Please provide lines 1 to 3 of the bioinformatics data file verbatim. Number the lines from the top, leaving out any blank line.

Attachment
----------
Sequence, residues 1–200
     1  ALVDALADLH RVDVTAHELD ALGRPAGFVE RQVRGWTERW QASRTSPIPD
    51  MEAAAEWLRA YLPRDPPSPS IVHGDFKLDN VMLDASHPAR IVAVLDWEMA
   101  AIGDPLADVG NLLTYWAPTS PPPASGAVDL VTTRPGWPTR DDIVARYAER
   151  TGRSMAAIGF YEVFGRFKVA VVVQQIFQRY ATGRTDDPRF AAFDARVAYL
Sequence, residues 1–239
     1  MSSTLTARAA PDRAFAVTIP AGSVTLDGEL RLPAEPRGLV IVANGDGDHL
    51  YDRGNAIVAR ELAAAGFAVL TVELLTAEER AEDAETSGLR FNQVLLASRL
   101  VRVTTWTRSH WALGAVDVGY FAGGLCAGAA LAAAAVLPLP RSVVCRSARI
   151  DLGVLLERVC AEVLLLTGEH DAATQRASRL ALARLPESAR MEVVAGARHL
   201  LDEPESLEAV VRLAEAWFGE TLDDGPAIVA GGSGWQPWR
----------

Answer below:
Sequence, residues 1–200
     1  ALVDALADLH RVDVTAHELD ALGRPAGFVE RQVRGWTERW QASRTSPIPD
    51  MEAAAEWLRA YLPRDPPSPS IVHGDFKLDN VMLDASHPAR IVAVLDWEMA